Starting spring of 2023, I had the chance to join MIT D-Lab’s Biomass Fuel and Cookstoves group to research biochar production optimization using machine learning. It has been a great privilege working on this project with my PI, D-Lab Research Scientist Daniel Sweeney, and direct supervisor, Priyabrata Pradhan, a D-Lab postdoc and Fulbright Fellow. I’ve gained a tremendous amount of machine learning experience and have learned so much about the charcoal-making process. This summer, I had the chance to participate in the MIT Energy Initiative (MITEI) summer program and learned more about climate and energy accessibility, and the importance of work like ours in bridging the energy gap.
Seeking new insights on the relationship between feedstock and temperature for "green" charcoal production
Many people around the world still use charcoal because of its accessibility and its ability to enhance certain cuisines. However, charcoal is traditionally made with wood, and when many people depend on wood-based charcoal, it leads to issues like deforestation. The good news is that charcoal can be made from pretty much anything that has carbon in it. At D-Lab, we’re focusing on transforming biomass, or materials like agricultural waste, into green charcoal.
To make green charcoal from a non-traditional material like agricultural residues, we need to understand the relationships between the material and heating process and their effect on charcoal output. A lot of chemical reactions take place during the charcoal-making process, or pyrolysis, which are difficult to control. However, once we gain an understanding of pyrolysis, we can abstract our problem and more practically follow a general procedure in order to maximize charcoal output from a given material. (For example, We have X amount of hydrogen and carbon in our material, so we should use X temperature and heating rate.)
Since experimentation to figure out these patterns takes a long time, we instead used machine learning to analyze data from related, past experiments and doubly find those patterns for us.
Lower temperature and heating rate led to higher biochar yield
My work began by using the machine learning model, Random Forest. I used 152 data points, collected from available research articles and spanning many different materials, from sludge to coconut shells. I then ran feature importance tests to understand what input data was most influential on the amount and quality of biochar produced. Here is a feature importance chart I generated for a Random Forest model trained on 80% of the collected data:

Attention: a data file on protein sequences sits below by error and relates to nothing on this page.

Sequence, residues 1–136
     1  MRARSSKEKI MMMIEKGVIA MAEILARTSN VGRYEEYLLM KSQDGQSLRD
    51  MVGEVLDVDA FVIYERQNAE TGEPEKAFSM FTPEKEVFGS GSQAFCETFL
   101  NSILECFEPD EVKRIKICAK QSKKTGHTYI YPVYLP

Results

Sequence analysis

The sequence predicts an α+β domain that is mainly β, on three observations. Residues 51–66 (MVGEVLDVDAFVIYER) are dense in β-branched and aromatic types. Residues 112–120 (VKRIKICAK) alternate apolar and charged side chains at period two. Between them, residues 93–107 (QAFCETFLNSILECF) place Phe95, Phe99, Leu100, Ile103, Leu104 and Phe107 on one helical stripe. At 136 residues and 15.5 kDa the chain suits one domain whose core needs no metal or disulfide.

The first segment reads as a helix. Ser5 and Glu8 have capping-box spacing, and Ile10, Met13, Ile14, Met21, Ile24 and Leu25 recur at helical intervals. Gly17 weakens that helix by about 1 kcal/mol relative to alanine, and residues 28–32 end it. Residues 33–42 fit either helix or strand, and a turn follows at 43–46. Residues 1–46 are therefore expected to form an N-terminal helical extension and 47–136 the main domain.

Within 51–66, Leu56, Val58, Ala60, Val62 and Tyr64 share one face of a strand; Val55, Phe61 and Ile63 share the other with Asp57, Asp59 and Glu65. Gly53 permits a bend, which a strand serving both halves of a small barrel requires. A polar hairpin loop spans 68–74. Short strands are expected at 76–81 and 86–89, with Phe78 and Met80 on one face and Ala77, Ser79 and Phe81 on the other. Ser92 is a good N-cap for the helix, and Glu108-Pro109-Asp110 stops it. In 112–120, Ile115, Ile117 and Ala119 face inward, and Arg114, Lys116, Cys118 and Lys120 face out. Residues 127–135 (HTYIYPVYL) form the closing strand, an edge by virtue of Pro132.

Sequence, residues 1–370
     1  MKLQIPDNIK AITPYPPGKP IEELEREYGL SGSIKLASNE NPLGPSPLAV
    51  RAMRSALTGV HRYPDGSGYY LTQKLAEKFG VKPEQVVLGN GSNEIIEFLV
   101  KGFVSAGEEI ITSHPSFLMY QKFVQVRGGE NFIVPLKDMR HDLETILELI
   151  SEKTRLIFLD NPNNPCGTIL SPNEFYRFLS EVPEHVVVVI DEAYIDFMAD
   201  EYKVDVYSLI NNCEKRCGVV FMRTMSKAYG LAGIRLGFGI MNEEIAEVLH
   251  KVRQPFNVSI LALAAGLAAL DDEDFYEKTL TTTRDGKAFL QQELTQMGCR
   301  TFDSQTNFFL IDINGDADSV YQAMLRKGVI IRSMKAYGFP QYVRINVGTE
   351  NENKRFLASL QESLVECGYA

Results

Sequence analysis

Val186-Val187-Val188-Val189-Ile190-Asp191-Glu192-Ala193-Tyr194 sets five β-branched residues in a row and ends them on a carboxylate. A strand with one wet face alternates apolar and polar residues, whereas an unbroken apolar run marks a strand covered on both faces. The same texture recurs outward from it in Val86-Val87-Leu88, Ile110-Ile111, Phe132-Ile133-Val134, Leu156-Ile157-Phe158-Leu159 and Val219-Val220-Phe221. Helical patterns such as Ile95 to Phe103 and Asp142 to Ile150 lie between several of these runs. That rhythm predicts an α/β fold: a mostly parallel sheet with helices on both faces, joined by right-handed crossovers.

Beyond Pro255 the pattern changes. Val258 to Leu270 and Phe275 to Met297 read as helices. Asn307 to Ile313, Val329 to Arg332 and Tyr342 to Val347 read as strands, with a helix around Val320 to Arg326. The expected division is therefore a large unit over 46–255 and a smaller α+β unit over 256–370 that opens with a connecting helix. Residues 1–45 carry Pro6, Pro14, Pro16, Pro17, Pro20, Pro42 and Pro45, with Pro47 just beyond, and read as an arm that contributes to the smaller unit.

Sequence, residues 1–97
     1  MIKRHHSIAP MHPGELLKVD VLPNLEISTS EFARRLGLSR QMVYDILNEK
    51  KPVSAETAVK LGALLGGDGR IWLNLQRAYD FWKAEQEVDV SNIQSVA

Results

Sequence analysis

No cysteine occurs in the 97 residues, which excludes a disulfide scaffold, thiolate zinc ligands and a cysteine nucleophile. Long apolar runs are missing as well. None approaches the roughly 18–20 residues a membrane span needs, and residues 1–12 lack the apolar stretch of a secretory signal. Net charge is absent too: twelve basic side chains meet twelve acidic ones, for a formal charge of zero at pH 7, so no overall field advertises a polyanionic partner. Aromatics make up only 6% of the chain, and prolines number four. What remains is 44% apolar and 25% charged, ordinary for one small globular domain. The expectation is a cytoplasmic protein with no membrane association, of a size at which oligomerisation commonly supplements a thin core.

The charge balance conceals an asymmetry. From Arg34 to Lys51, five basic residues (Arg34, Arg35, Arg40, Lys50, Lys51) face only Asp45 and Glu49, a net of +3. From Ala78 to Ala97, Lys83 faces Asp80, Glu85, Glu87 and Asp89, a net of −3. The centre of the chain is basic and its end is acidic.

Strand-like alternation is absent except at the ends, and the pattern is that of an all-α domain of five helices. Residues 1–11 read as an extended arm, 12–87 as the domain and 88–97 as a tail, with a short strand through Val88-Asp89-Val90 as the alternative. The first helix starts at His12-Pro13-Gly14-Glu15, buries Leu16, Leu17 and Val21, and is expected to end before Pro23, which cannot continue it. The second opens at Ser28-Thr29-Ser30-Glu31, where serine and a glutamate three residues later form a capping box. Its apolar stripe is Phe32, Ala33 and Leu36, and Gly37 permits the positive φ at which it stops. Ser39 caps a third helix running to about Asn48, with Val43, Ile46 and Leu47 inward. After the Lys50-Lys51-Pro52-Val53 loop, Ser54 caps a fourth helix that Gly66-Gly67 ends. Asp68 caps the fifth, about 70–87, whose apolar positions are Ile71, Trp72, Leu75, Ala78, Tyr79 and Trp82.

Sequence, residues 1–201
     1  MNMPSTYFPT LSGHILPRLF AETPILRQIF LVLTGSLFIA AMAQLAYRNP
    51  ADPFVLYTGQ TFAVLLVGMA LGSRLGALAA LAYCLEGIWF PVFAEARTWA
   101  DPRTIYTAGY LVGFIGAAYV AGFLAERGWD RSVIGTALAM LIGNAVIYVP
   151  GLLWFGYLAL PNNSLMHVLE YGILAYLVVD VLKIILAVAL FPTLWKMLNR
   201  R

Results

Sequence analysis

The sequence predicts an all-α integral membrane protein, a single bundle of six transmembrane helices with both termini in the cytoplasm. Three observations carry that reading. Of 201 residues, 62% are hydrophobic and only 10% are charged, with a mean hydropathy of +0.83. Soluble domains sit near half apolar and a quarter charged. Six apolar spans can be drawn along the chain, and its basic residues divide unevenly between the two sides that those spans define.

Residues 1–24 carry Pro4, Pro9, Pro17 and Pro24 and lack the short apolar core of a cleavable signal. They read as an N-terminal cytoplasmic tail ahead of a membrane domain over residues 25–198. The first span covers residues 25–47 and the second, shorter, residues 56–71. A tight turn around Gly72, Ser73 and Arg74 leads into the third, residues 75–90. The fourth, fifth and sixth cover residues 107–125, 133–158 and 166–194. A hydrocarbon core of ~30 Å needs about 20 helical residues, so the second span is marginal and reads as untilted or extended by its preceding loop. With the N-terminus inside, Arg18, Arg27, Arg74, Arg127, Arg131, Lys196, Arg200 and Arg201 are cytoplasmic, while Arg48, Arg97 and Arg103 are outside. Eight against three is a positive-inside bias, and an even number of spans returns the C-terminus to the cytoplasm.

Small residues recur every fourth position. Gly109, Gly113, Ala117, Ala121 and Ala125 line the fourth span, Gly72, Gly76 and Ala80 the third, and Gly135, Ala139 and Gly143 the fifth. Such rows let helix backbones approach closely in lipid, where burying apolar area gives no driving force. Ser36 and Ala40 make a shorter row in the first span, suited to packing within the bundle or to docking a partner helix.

The feature importances on this chart are listed in descending order. Here, for biochar yield alone, the most influential process parameter, or feature, was temperature. In combination with other statistical tools, like Pearson Correlation Coefficient charts, we saw that higher temperatures often lead to lower biochar yield. Ultimately, we found that a combination of lower temperature and heating rate led to higher biochar yield.
Exploring alternate machine learning models
Over the summer, I continued analyzing the different factors of biochar production and explored different machine learning models with the hopes of finding one that could best predict biochar yield and quality from the same 152 data points. These other models were K Nearest Neighbors (KNN), Gradient Boosting, Lasso Regression, and Artificial Neural Networks (ANN-MLP).
And indeed, after learning about the different algorithms and implementing them, some of the models surpass Random Forest in terms of accuracy. One of them was Gradient Boosting, which works by penalizing errors as it “learns”. The other was ANN-MLP, a very sophisticated model that learns from its errors by sending information backwards in its decision-making and updating the weight, or importance, of a feature proportional to how much it’s responsible for error.
Interestingly, the best-performing model, Gradient Boosting, gave a slightly different feature importance chart than the one given by Random Forest:
Ash comes out on top
Instead of “Heating Rate” being listed as the second most important feature, “Ash” was. This was a curious result! This leads me to my final remark, which is that more work and more representative data need to be collected before settling on the final result. We can also ask more questions, like which subsets of input data we can isolate to predict yield, or whether imputing missing variables affects model performance.
Information local biochar producers can use
Creating a quality model will help us determine a useful range to employ for certain features like temperature. This information will be useful for local biochar producers, including D-Lab partners around the world, and will aid in process improvement. This fall, I will help my supervisors produce a paper with our findings and explore some of these additional questions. This research will be shared with community partners associated with D-Lab, and I am very excited to see how this project will affect future biochar production processes so that more people can access clean-burning cooking fuels.
About the author: Johlesa Orm is a sophomore studying AI and Decision-Making at MIT. She enjoys taking part in projects that challenge her and allow her to contribute to improving communities and the environment.
MIT D-Lab Biomass Fuels and Cookstoves research group
Dan Sweeney, MIT D-Lab Research Scientist, Biomass Fuels and Cookstoves lead